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my question is why flush doesn't work :

public void ejbService(){
   Customer c = em.find(Customer.class,1);
   c.setName("newName");
   em.flush();
   //at this point when I query mysql table I can not see "newName"


   thread.sleep(10000);

   c.setName("anotherName");
}

After finishing the method I see "anotherName" in the db also I check it with em.find(Customer.class,1,Lock.None); but still not work

RGDS

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1 Answer 1

up vote 15 down vote accepted

You're flushing, but you're not committing - or otherwise ending the transaction / session which is likely configured for auto-commit.

Yes, after calling flush(), the DBMS is now aware of your data - but following ACID standards, no other database sessions will see this data until the DBMS is told to commit it.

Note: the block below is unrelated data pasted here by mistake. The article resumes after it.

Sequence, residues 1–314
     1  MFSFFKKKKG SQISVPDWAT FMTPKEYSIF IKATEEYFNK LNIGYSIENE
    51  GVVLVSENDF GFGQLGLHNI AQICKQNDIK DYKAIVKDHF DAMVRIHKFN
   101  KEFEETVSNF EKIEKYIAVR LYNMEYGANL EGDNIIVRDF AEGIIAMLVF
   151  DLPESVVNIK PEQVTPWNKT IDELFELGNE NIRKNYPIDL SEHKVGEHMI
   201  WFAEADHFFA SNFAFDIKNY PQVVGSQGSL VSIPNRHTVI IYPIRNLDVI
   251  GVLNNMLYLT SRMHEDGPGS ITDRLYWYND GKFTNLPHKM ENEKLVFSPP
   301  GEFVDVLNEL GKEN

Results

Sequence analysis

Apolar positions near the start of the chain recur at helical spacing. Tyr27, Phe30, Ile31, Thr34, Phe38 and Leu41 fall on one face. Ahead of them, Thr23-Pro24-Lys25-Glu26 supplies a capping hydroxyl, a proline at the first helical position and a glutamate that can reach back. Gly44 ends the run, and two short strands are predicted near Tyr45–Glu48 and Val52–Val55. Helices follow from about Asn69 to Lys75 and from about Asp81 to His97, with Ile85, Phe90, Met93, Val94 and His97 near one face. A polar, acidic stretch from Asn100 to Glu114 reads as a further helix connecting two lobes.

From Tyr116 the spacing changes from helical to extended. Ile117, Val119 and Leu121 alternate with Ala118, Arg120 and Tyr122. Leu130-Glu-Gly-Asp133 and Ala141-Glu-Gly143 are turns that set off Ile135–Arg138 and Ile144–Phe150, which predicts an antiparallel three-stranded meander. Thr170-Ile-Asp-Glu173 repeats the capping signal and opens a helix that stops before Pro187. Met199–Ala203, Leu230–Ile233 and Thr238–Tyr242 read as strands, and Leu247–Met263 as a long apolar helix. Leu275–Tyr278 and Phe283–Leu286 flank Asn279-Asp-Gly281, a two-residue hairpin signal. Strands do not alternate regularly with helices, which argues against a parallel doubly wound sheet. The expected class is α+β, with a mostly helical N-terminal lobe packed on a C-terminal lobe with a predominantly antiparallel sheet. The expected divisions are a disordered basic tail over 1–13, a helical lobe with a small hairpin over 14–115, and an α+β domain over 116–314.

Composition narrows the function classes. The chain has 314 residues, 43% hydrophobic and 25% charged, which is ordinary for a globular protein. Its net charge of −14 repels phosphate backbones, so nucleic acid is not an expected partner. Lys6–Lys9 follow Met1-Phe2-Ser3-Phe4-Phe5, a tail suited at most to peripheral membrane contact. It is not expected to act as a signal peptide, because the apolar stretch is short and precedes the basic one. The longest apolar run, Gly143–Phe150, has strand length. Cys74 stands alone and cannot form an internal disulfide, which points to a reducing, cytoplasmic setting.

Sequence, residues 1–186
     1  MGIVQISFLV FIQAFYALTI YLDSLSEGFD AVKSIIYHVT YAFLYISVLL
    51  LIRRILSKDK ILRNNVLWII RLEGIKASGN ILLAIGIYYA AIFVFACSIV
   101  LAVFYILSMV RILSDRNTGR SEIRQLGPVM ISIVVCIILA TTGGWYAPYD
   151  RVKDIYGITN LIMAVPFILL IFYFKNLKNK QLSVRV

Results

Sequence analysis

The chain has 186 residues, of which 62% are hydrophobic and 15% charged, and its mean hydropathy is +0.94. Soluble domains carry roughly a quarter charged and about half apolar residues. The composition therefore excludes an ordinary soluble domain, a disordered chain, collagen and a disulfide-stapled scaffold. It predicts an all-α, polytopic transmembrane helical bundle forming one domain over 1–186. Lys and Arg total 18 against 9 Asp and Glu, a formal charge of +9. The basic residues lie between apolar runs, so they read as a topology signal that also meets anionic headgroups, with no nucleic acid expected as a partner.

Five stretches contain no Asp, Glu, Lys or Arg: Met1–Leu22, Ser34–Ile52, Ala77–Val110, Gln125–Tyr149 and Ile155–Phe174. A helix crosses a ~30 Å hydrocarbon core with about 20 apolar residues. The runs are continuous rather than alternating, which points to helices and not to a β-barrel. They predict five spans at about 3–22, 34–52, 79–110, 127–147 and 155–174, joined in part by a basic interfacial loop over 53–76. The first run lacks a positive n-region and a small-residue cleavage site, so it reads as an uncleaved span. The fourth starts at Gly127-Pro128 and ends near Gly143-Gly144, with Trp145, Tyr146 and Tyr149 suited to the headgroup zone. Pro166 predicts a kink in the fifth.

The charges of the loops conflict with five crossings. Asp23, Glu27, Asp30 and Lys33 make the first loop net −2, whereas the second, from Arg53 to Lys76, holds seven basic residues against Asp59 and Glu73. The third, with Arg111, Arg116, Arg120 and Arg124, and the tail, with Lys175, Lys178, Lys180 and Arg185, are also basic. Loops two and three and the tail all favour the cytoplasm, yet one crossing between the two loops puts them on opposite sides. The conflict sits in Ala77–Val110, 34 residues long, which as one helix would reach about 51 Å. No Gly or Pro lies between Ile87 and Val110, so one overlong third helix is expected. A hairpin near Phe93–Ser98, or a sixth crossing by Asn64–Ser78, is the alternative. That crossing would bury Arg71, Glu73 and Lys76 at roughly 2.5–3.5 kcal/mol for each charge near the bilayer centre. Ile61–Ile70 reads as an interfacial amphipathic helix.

Without knowing additional details about the architecture behind the rest of your application, etc., you're probably looking to do something like:

em.getTransaction().commit();
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1  
so what is the flush usage?! –  Nav Jan 14 '12 at 17:00
1  
I also change flush mode to commit instead of auto but nothing happens –  Nav Jan 14 '12 at 17:02
7  
Most JPA implementations will cache operations within the JVM (within the EntityManager). flush() merely forces these operations to be sent to the database, etc. - but does not imply a commit. stackoverflow.com/questions/4275111/… has some additional details / discussion that may be helpful to you. –  ziesemer Jan 14 '12 at 17:03
3  
Setting the flush mode to commit is thinking about this backwards. This tells the EntityManager to only flush on commit. It doesn't mean to commit on flush. –  ziesemer Jan 14 '12 at 17:04
3  
This is a subtle detail, but flush mode of commit does not mean flush ONLY on commit. It means ALWAYS flush on commit; but flush could also happen at other times, depending on the JPA provider. –  SteveT Aug 31 '12 at 18:46

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